On a recent weekday afternoon while browsing inside RJ’s Motorsport, a Nashua motorcycle dealership on Amherst Street, Jim Colburn found love – a shiny bike the 19-year-old Merrimack resident held tenderly while regarding its charms.

Colburn, a student who works in retail sales and as an on-call snowplow operator, had no intention of making a commitment, despite his sincere attentions.

Instead, he assumed a practical, weather-driven attitude: No snow so far this winter has meant no plowing at $15 to $20 an hour; and no plowing means no extra cash to buy a motorcycle.

“We have nothing but kickers now. They’re looking, not buying,” said Matt Raymond, who works in parts and sales at RJ’s, a consignment dealership.

It’s the same story across Greater Nashua, with just one exception, Nashua Harley-Davidson on Route 101A in Merrimack. At the Harley dealership, Jason Tardif, head of sales, service and parts, said sales have been a little higher than average, especially in December.

Tardif said the warm winter weather hasn’t discouraged his customers, typically between 27 and 60 and so passionate about the brand they often join owners clubs.

But sales managers at Hudson Cycle Center, Best Cycles and RJ’s, where Colburn was window-shopping, had a different experience. While the lack of snow has extended the riding season, stretching it from between four and six months to as many as 10, the clear roads and balmy temperatures have had a negative impact on sales, they said.

“We’re all thinking this is great,” said Brian Cote, sales manager at Best Cycle Center at Best Ford, a Suzuki and Honda dealer at 579 Amherst St. in Nashua. “No snow this winter makes us all a little bit happier, but the people we want to come in and buy these toys don’t have the cash.”Cote said his biggest customer base is made up of adults between 25 and 50, working people who depend on overtime pay from plowing and salting roads to raise the funds necessary to buy motorcycles.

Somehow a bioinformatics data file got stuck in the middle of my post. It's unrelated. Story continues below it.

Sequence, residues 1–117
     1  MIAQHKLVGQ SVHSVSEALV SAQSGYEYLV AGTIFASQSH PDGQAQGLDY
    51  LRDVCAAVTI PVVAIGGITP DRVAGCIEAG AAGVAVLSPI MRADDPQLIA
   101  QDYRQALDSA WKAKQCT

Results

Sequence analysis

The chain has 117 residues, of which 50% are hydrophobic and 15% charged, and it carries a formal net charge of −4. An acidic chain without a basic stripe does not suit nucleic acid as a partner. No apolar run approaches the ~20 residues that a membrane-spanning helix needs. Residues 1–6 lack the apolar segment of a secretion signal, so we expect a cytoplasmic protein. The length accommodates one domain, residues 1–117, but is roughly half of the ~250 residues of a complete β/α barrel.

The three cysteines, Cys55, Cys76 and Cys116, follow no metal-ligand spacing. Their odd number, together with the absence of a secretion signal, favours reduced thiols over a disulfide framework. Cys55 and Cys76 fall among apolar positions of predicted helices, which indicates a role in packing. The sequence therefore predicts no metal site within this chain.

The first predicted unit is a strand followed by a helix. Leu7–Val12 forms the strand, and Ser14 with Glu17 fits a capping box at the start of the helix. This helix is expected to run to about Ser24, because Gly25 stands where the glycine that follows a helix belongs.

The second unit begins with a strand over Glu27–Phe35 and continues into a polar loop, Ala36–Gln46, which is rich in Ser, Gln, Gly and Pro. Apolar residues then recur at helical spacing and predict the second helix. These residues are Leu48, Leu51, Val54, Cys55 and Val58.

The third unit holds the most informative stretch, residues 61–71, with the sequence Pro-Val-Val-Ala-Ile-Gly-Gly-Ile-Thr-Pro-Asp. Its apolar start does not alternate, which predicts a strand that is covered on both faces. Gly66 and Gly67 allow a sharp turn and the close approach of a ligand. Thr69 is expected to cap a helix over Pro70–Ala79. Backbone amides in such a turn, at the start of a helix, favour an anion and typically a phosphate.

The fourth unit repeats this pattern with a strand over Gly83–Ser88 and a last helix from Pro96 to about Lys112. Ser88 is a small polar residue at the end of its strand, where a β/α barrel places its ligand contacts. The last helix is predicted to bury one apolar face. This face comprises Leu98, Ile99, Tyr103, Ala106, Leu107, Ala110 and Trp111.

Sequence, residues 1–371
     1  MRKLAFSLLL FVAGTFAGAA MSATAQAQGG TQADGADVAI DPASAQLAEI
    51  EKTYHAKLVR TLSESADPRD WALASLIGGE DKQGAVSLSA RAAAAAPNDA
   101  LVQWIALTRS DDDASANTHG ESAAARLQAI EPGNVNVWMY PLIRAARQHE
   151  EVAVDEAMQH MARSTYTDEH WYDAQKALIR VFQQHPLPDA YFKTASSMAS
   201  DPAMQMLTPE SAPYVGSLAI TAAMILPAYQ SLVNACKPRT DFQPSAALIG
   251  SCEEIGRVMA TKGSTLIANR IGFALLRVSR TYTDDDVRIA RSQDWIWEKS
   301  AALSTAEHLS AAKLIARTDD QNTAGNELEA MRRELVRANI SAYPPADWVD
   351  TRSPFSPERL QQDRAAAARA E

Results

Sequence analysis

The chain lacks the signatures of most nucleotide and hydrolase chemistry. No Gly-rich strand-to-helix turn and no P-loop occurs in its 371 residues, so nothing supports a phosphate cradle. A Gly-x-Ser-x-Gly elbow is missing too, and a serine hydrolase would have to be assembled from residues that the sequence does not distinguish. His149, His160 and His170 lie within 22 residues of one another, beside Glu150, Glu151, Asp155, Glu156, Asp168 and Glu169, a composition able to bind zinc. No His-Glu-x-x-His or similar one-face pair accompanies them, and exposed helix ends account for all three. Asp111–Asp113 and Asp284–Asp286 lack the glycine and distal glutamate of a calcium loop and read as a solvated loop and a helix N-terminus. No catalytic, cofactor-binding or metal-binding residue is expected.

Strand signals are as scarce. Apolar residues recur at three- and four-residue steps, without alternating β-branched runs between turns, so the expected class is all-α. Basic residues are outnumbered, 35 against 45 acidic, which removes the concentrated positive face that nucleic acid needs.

“We can make up the season if we have a strong spring,” Cote said, adding that spring sales depend on his customers’ winter incomes. “The lack of snow is going to hurt.”

Jennifer Wheeler, sales manager at Hudson Cycle Center at 2 Flagstone Drive, saw plenty of customers on a recent Saturday that was so mild, some area residents were outside in shorts and sandals. The increased traffic, however, while friendly and welcome, did not affect sales, Wheeler said.

“A lot of our customers are in the construction business, and construction is down,” Wheeler said. “Also, a lot of those guys who plow, and use that money to buy toys, are not plowing, not making their money.”

Wheeler, who sells Yamahas and Kawasakis, said the upcoming expos, including one scheduled in Salem on Jan. 27-28 at Rockingham Park, are incentives for shoppers. She also said motorcycle dealers often sell snowmobiles in the winter, another casualty this year of the lack of snow.

“At our showroom, we usually take all the bikes off the floor,” Wheeler said. “Now, it’s half bikes and half snowmobiles.”

Roger Pageot, owner and operator of RJ’s Motorsport, 421 Amherst St., said he has seen plenty of browsers in recent weeks, but few, if any, serious shoppers.

“It’s the same story,” said the 30-year veteran of the motorcycle business. “I’d really like to buy the bike, but I’m not getting any overtime”, he said he hears over and over again.

Pageot said a winter without snow affects motorcycle sales for more than the current season.

Typically, a customer raises the cash during one season to buy a bike the next year, he said. A few consecutive mild seasons have a trickle-down effect.

“Usually, we sell 10 to 15 motorcycles for Christmas,” Pageot said. “This year, we didn’t see that. Mother Nature is not cooperating.”

Source: www.nashuatelegraph.com

Anthony Kodack
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